Iraqi refugee graduates top of her class, joins Marine Corps

Marine Corps Pfc. Amanda H. Issa prepares for graduation from boot camp at Marine Corps Recruit Depot Parris Island, S.C., Sept. 30, 2016. Issa, 21, from Madison Heights, Mich., grew up in Mosul, Iraq, and moved to the United States in May 2011. Marine Corps photo by Lance Cpl. Carlin Warren

As 600 additional U.S. troops are headed to help retake Mosul, Iraq, from the Islamic State of Iraq and the Levant, the Issa family knows all too well the dangers of the area.

Marine Corps Pfc. Amanda H. Issa prepares for graduation from boot camp at Marine Corps Recruit Depot Parris Island, S.C., Sept. 30, 2016. Issa, 21, from Madison Heights, Mich., grew up in Mosul, Iraq, and moved to the United States in May 2011. Marine Corps photo by Lance Cpl. Carlin Warren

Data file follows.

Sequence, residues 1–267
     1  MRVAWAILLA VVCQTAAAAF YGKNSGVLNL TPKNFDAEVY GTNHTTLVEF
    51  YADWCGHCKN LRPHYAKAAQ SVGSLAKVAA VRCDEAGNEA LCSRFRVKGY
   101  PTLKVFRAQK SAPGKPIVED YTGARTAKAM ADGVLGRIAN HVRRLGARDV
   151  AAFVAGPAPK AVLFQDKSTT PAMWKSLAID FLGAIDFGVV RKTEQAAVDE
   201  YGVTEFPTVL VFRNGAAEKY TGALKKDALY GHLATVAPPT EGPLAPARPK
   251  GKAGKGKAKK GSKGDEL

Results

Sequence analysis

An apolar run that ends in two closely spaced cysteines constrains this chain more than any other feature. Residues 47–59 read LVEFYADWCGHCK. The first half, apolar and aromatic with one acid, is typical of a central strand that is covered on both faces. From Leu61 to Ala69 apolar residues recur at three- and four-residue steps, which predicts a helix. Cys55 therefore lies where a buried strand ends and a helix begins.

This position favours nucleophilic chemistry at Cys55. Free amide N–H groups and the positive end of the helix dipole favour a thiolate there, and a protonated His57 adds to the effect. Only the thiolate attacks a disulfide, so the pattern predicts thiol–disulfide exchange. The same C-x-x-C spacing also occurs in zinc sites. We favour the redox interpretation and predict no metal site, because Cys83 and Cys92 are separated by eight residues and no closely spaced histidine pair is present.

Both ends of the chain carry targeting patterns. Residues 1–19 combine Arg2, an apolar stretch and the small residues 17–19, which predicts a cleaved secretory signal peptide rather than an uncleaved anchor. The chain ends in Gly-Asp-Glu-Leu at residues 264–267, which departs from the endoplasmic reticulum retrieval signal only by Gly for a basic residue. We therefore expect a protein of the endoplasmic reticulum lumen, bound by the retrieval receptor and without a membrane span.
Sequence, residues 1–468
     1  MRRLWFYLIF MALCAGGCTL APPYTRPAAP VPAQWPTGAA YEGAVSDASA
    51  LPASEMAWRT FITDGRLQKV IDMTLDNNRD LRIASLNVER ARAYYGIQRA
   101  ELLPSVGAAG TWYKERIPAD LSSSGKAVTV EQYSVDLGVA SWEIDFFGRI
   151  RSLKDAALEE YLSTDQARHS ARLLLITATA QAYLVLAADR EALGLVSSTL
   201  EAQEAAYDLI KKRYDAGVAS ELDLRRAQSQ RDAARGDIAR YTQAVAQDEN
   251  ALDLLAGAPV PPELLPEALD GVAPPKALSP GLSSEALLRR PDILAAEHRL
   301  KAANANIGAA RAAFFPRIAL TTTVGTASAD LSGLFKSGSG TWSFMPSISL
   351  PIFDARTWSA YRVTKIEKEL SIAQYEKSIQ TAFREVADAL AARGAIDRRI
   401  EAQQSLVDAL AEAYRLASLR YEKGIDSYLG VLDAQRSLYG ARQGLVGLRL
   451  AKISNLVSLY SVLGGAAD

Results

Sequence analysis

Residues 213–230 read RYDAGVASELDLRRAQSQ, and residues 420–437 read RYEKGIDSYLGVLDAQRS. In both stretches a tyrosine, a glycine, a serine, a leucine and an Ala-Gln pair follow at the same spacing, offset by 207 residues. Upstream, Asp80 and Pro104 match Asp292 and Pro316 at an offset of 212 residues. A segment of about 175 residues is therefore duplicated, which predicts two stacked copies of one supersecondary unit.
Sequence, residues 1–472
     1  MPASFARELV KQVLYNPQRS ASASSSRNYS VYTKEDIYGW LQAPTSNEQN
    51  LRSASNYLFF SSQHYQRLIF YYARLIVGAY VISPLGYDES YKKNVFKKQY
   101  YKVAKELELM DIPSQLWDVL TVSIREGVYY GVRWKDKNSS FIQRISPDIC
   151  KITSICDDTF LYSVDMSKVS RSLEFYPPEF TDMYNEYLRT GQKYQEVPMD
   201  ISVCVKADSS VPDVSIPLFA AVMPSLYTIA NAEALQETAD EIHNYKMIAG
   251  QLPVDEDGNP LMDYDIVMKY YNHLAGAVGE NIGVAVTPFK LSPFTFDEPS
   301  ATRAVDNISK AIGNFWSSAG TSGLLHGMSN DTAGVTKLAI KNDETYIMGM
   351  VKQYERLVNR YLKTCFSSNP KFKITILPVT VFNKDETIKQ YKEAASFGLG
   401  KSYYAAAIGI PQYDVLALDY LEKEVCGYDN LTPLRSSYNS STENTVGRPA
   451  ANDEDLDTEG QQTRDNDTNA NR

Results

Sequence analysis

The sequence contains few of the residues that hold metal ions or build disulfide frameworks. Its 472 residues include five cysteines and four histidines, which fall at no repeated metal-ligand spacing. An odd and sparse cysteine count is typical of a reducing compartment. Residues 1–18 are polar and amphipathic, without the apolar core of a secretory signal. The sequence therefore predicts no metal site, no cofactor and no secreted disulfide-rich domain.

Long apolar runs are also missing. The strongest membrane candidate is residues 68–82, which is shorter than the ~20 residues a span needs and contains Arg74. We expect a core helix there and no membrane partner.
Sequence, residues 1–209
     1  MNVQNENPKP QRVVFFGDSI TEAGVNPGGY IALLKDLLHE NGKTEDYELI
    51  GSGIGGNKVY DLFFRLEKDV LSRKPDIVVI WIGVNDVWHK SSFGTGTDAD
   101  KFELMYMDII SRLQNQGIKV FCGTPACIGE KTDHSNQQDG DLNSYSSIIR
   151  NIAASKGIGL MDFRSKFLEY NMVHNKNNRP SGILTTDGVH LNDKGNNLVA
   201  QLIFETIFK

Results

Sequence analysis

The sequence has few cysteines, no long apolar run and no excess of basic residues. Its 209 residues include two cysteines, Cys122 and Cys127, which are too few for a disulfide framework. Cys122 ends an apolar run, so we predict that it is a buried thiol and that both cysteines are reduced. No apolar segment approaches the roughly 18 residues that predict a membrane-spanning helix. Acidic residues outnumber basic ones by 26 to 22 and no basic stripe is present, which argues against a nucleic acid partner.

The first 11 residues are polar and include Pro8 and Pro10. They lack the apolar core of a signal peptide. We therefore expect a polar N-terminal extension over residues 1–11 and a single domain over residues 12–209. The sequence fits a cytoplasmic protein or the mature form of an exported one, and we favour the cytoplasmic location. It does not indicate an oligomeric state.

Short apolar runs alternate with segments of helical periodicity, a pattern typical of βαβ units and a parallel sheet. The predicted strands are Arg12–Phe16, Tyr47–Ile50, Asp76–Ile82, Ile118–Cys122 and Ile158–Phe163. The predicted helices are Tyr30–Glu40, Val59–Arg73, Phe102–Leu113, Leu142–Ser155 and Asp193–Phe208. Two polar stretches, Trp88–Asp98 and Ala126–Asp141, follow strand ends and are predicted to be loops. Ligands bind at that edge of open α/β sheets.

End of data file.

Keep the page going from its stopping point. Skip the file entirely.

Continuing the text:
The Issa family escaped Mosul because of the rising threat of ISIL. They stayed in a refugee camp in Turkey for almost a year before moving to Michigan in 2011, a move made for the hope of a better education and more opportunities for couple’s three children.

Amanda H. Issa, a teenager when she moved to the United States with her family, referred to the Marines she saw in Mosul as heroes.

Now, a 21-year-old Marine private first class herself, she wears the same Eagle, Globe, and Anchor insignia, and has the potential to be a hero for another little girl.

Issa graduated in the top 10 in her high school and went on to earn an associate’s degree in global studies from Oakland Community College before enlisting in the Marine Corps. On Jan. 19, 2016, Issa stepped onto Parris Island’s iconic yellow footprints, only to be injured a month later on a conditioning hike. The injury was bad enough that doctors told her she could be medically separated.

Issa fought that prospect, and eventually returned to training. She graduated Sept. 30 with Platoon 4034, Papa Company, 4th Recruit Training Battalion.

“Now, to be called a Marine is unbelievable,” she said shortly after taking the oath of allegiance during a naturalization ceremony. “Yeah, being a U.S. citizen is great, but I came here to be a Marine.”

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